One of the other reviewers commented on the soprano using the score at one point during the opera. Actually he missed the point...At various spots throughout the opera the chorus are asked by the director to sing from the score and one or two principals are also asked to do this. Pokrovsky seems to be trying to create an impression of an oratorio at those points. I'm not sure that it comes off as he intended. Certainly if the other reviewer didn't catch on it is a sign that it should have been rethought. It is in no way a reflection on the singers or the excellent chorus themselves.
The orchestra play magnificently for Alexander Lazarev and Tchaikovsky provided this opera with a number of orchestral preludes which allow the cameras to spend time with the various musicians at work. Once or twice some of the musicians are brought up on the stage by the director which doesn't help to clarify the action but is a boon for the hardworking solo instrumentalists.
The sound and picture of this dvd are excellent and there are subtitles in English,German,French,Italian,Portuguese, Spanish, and Japanese. also one should note that although this is a film of a fully staged performance, it was not recorded while the audience was present so like the various Bayreuth dvds available, there is no applause and the camera is permitted some very interesting camera angles that it normally wouldn't have managed in a live telecast.
All in all a highly recommended version of an opera we are unlikely to see another video of."
Romance, Not Reality
L. Donald Bartholomew | Seattle, WA United States | 10/28/2005
(5 out of 5 stars)

"Finally, this glorious production of this largely unknown opera by Tchaikovsky is available. Having had a (dare I say it?) bad "pirate" print for some time, I am so looking forward to seeing it for the first time all over again. The work has some of Pyotr Ilyich's most romantic music--the Act I Finale with Joan hearing her voices is wonderous. Historic liberties are taken as Joan has a romance with an enemy soldier, thus leading to her imprisonment. The production is elaborate yet not realistic. Joan's end at the stake is something to be seen to be believed. Now that we've gotten 'Mlada' and 'The Maid of Orleans', isn't it about time for Philips to release the DVD of 'The Legend of the Invisible City of Kitezh and the Maiden Fevroniya'?"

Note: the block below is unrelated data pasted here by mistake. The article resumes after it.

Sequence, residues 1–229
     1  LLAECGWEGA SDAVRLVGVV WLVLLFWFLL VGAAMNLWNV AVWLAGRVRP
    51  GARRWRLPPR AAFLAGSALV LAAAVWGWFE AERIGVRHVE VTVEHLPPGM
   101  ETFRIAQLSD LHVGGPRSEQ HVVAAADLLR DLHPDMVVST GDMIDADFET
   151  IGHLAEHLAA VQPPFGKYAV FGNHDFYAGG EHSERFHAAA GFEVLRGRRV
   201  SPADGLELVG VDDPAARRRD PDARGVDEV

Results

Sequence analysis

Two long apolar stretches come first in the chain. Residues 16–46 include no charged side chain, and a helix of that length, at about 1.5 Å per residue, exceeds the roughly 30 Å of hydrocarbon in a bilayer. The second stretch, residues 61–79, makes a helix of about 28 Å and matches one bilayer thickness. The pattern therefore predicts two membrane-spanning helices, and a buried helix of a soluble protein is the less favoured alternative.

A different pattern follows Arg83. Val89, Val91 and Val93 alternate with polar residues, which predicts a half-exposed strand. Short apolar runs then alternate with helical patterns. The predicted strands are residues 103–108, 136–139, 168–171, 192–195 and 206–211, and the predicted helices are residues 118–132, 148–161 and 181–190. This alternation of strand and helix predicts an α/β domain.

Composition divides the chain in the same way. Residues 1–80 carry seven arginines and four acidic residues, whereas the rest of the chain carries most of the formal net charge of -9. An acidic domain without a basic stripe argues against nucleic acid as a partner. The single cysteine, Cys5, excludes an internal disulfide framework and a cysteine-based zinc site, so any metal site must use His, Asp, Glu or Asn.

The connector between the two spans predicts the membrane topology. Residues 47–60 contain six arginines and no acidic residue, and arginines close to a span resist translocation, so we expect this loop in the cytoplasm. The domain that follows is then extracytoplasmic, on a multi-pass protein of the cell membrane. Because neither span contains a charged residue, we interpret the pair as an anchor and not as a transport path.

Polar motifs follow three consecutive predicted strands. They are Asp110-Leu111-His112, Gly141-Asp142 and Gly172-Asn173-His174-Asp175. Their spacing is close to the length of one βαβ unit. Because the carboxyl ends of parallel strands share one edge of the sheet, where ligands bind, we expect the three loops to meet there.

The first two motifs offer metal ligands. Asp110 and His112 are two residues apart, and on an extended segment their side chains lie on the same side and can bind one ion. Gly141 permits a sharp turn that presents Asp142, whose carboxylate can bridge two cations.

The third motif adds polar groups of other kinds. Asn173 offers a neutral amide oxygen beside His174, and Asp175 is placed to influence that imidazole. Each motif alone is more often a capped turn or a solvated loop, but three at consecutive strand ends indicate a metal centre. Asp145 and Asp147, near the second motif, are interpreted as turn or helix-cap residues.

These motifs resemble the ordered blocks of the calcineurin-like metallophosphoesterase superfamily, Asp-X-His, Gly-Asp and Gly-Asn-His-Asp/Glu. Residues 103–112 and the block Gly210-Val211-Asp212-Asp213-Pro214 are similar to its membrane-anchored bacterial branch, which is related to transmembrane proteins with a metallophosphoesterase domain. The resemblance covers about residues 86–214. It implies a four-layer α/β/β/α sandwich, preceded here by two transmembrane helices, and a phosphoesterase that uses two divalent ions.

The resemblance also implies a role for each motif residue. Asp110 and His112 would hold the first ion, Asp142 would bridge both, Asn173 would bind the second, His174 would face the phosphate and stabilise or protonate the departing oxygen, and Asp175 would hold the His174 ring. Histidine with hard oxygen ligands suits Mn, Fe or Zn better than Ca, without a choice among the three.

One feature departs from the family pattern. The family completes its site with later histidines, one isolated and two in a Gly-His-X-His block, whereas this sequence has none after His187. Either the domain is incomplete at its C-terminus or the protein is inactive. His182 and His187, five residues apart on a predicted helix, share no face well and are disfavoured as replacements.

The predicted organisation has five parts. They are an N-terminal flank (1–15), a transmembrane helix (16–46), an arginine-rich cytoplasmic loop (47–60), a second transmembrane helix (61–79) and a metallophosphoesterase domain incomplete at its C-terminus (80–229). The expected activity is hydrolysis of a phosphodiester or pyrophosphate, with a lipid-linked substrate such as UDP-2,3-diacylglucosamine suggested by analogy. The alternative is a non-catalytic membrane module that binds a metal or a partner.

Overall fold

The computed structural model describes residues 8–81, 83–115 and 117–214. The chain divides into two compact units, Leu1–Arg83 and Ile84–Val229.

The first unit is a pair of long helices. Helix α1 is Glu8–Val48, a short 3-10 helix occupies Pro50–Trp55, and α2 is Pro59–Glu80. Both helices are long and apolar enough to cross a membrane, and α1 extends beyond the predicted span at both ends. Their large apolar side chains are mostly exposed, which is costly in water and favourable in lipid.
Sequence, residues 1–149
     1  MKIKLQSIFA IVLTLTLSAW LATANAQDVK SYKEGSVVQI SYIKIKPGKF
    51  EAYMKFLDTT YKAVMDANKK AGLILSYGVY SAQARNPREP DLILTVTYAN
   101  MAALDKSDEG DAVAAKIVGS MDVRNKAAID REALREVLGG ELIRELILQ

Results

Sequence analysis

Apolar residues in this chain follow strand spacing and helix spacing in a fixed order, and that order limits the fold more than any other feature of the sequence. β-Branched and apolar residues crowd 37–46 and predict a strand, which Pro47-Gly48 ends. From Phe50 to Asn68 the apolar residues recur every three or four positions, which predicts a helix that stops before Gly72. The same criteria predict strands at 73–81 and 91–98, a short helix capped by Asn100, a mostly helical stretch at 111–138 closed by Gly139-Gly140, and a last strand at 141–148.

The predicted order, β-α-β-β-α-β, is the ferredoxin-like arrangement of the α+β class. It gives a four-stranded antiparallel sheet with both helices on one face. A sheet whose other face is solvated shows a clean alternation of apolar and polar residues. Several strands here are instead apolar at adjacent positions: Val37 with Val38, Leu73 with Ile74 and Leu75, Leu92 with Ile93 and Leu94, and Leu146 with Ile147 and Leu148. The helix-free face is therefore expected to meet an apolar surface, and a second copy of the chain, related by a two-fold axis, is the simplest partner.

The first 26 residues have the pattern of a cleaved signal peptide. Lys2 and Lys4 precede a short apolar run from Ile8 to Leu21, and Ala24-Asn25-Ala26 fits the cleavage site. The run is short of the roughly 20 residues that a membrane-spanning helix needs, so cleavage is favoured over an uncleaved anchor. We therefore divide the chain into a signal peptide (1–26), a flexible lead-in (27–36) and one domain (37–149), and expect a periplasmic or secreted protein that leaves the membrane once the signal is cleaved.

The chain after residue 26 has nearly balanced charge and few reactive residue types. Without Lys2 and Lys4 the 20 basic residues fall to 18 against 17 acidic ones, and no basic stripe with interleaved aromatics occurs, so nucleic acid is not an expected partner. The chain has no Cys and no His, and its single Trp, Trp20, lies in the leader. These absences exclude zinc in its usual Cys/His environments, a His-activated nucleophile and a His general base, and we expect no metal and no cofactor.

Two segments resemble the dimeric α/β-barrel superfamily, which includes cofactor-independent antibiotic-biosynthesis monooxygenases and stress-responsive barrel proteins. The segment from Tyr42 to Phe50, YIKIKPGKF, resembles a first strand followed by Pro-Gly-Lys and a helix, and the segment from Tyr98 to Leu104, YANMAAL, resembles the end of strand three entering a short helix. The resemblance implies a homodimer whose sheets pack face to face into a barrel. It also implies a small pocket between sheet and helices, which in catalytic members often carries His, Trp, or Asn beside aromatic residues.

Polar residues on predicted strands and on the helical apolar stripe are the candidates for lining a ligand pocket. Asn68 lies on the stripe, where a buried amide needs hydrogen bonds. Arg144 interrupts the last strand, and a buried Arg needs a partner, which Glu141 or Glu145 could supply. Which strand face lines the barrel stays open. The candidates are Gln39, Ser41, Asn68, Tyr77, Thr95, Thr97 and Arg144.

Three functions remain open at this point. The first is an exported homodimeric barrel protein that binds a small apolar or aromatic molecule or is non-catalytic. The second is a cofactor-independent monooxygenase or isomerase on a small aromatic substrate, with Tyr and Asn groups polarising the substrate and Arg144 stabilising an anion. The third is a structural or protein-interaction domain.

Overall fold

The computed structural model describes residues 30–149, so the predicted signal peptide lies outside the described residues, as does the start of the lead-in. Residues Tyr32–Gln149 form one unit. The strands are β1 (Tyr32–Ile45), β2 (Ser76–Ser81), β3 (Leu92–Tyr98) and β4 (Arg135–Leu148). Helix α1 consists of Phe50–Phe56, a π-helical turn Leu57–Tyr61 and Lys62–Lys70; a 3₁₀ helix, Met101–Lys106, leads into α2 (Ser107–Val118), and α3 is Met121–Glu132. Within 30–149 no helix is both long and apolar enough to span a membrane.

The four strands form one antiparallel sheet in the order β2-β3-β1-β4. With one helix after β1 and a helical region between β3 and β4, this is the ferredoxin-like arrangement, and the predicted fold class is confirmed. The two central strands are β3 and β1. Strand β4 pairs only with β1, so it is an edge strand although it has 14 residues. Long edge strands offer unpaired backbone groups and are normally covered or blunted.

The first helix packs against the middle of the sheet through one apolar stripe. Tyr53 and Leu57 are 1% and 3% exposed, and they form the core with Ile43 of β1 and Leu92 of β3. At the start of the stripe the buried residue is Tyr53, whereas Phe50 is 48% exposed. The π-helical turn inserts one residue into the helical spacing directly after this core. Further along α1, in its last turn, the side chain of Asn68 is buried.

An unexpected Tchaikovsky treat
J. P. Henry | Carmel, CA USA | 04/12/2006
(5 out of 5 stars)

"It is terrific to be able to see one of Tchaikovsky's neglected operas at last. Tchaikovsky worked on 12 operas - only two of which are regularly performed: Eugene Onegin and The Queen of Spades. Of the 12, two were never finished; he destoyed two others (one of which has been reconstructed); and one appeared in two forms under two titles. The Maid is a big opera - considered by some, his 'grand opera'. Sort of his equivalent in scope to Puccini's 'Turandot'. We have enjoyed this music for years on long-deleted LPs and are very happy to have access to such a well performed and fine production of a very rare treat."
Beautiful Music !!
Felipe De La Rosa | Peru | 02/05/2007
(5 out of 5 stars)

"This is a wonderful opera, filled with music of really beautiful inspiration. I like, for example, the prayer in the first act, what a great tune!!!, followed by the famous aria sang by Joan ("Goodbye, forest"). The chorus at the beginning of the second act is another pearl. The last act is incredible, with one of the best duets for soprano and bariton written by Tchaikovsky. And the final scene is so powerfull and compelling: a somber and menacing march that grows into an impressive climax at the end. The operas written by Tchaikovksy are so different: from the intimacy of Onegin to the drama of Queen of Spades, from the sweet and lyric Yolante to the epic pathos of Mazeppa. If you love Tchaikovksy, you will adore this one!!
The staging is good, although I don't like it thorough. There are some cuts, the ballet, for instance. Anyway, is a good production."